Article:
Gueye’s dedication comes from firsthand experience. Born and raised in Dorchester, she attended schools in Dover through the METCO busing program. By seventh grade, she says, she was already so far ahead of some of her friends at who were attending neighborhood schools that she was tutoring them.

“I thought it was incredibly unfair,’’ Gueye said. “I wasn’t any smarter than they were. Just because you grow up somewhere shouldn’t mean you don’t have those same opportunities.’’

Gueye responded to a newspaper advertisement for BELL during the summer after her sophomore year at Boston College, and became a teaching assistant for a class of third-graders. Now, 12 years — and a doctorate from Boston College in educational research — later, Gueye heads the BELL organization.

The program is drawing attention from as far away as the White House. In a speech on May 27 introducing the Social Innovation Fund, a $50 million federal program created to support effective nonprofits, first lady Michelle Obama mentioned BELL as an example of a successful nonprofit model for social reform.

Shamari Satchell is one of the thousands of students who have signed on for the scholars program. A bright, bubbly 10-year-old from Hyde Park, Shamari first enrolled in BELL three years ago with below-average reading skills. Though she wasn’t thrilled about the prospect of spending six weeks of her summer in class, the combination of friends and activities won her over.

Now entering her fourth year in the program, she says her reading skills have improved dramatically. She’s already plotting to skip 10th grade, and will begin writing her own book any day now.

One of Shamari’s former BELL teachers, Yeshi Gaskin, hopes to inspire similar enthusiasm in all of her students. Gaskin, 30, who teaches fourth grade at the Haley Elementary School in Roslindale during the school year, has been involved with BELL for five years, and sees both sides of the summer divide.

“Every September, I can tell who’s been doing what,’’ Gaskin said. “If a child has read, you can tell. Their skills are very sharp approaching a book or being able to articulate what they’ve read, versus children who spent the majority of their time not engaging in anything literacy-related.’’

That said, learning doesn’t only occur in a classroom, said Brenda McLaughlin, vice president for community initiatives at the National Summer Learning Association, which works with schools and organizations to increase summer learning opportunities. With many schools facing severe financial restrictions, McLaughlin thinks partnering with local organizations like BELL or national ones like the Boys & Girls Clubs of America is one way to provide enrichment programming.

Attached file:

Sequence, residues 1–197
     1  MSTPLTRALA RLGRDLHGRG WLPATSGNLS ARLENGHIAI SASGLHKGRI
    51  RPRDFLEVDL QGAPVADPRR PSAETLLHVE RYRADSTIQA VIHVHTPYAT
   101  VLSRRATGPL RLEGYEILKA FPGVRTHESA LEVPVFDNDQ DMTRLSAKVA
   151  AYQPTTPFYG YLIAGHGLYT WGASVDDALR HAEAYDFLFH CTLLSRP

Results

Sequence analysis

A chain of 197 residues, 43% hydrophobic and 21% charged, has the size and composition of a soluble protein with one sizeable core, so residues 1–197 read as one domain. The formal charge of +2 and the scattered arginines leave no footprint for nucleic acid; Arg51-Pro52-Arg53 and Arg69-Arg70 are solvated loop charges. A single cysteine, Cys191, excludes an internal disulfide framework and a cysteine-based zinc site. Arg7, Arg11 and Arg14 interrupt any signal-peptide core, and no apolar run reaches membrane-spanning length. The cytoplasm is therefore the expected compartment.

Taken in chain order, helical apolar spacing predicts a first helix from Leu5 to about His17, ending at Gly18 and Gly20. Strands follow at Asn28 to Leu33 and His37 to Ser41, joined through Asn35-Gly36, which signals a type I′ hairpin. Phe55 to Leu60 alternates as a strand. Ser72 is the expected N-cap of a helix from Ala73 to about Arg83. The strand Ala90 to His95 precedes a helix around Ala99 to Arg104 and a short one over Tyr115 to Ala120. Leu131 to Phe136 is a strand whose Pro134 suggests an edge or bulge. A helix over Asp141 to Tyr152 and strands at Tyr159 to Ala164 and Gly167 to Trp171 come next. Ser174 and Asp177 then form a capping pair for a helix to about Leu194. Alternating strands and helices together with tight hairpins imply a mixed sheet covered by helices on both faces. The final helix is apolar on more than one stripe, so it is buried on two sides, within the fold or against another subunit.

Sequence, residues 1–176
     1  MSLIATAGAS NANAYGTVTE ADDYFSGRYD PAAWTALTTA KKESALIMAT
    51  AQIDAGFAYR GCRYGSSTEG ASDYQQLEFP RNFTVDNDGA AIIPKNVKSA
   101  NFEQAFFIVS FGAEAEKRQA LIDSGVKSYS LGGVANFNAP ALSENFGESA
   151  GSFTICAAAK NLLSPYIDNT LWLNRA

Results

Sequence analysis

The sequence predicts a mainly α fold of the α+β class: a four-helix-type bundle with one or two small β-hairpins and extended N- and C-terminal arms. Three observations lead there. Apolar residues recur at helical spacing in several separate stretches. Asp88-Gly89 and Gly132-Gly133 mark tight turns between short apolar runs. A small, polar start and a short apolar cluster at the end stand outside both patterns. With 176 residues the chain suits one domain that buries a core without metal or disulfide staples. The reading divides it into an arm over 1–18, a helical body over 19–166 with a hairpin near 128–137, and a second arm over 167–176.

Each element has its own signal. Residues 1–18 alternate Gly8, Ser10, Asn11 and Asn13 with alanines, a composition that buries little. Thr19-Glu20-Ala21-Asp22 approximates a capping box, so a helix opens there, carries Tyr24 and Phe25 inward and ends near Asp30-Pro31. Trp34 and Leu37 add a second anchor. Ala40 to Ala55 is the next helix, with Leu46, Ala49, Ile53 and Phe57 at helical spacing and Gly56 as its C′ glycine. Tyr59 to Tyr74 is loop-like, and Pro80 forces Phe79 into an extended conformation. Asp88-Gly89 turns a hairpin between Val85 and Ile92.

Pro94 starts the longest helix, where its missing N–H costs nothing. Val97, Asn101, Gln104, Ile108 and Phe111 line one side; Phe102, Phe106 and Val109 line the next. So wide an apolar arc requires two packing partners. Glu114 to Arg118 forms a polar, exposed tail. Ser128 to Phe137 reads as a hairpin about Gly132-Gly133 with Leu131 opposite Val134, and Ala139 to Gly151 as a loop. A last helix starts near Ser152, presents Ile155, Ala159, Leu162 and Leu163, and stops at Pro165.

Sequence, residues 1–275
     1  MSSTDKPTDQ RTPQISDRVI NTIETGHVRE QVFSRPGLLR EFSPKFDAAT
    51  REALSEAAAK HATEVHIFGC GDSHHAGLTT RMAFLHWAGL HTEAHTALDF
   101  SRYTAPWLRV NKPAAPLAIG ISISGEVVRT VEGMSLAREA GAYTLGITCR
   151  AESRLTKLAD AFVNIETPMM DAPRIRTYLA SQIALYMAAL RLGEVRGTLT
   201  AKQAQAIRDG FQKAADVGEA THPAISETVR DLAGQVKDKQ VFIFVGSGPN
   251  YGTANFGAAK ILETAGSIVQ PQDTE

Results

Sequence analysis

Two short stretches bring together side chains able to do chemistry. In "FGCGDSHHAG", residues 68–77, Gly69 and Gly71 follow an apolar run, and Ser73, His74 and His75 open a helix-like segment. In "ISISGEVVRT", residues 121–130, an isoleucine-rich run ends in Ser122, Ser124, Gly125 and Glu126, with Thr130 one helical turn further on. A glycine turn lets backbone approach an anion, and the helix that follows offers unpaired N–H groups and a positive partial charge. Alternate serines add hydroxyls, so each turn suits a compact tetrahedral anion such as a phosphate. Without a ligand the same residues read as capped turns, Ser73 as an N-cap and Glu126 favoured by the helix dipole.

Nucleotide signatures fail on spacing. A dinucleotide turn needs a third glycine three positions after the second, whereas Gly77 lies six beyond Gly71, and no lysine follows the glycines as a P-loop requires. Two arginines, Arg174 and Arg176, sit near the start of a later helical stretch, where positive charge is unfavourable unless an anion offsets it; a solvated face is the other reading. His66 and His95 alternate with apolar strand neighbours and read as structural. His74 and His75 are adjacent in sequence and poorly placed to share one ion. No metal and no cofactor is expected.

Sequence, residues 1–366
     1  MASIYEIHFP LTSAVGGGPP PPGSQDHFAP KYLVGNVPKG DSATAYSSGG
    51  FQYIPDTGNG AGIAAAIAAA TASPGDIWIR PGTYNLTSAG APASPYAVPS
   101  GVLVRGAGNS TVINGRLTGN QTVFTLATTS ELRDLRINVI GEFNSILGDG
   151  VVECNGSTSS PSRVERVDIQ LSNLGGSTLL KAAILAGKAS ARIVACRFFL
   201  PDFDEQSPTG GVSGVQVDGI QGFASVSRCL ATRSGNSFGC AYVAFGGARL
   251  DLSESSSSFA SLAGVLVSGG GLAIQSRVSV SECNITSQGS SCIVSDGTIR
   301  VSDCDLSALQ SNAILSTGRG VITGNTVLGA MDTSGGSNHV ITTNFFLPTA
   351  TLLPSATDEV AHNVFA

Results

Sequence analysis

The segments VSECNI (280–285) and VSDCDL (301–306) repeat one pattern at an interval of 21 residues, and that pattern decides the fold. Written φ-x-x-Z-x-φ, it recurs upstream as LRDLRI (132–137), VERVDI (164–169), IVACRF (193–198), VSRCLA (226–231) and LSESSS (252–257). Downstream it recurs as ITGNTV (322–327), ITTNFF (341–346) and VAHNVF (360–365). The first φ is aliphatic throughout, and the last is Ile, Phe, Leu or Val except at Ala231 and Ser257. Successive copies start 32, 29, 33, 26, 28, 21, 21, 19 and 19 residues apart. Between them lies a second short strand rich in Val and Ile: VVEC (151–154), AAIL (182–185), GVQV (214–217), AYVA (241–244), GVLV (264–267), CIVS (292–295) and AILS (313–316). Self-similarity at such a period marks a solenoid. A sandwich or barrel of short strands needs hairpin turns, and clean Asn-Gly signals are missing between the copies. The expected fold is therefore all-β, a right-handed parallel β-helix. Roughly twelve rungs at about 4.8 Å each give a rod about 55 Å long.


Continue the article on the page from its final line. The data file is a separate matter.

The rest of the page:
“Forward-thinking school districts are already rethinking summer programs,’’ she said. “[Schools] can partner with organizations already offering these resources to serve kids in a way that looks and feels like something other than school.’’

Still, innovative teaching techniques and enrichment classes alone won’t stop summer learning loss, educators said. Parents must be involved in the academic lives of their children.

“The parent is the first teacher to their child,’’ said Gaskin. “It’s about trying to create a culture of learning at home, and fostering that as best as possible.’’

Shamari’s mother, Yvonne Satchell, encourages her daughter to participate in academic programs and activities, and talks to teachers about areas where she feels Shamari needs more support. Every night, Satchell checks to make sure Shamari has done her reading, whether it’s through entries in a reading log or by reading aloud to her 3-year-old brother.

“They’re your kids — you have to want the best for them, and it starts from home,’’ said Satchell. “I could never send her to school and just say, ‘Oh, that’s your teacher’s job.’ What kind of parent would I be?’’

Natalie Southwick can be reached at nsouthwick@globe.com

Correction: Because of incorrect information supplied to the Globe, an earlier version of this story misstated the number of students the BELL enrichment program serves annually. The correct number is more than 10,000.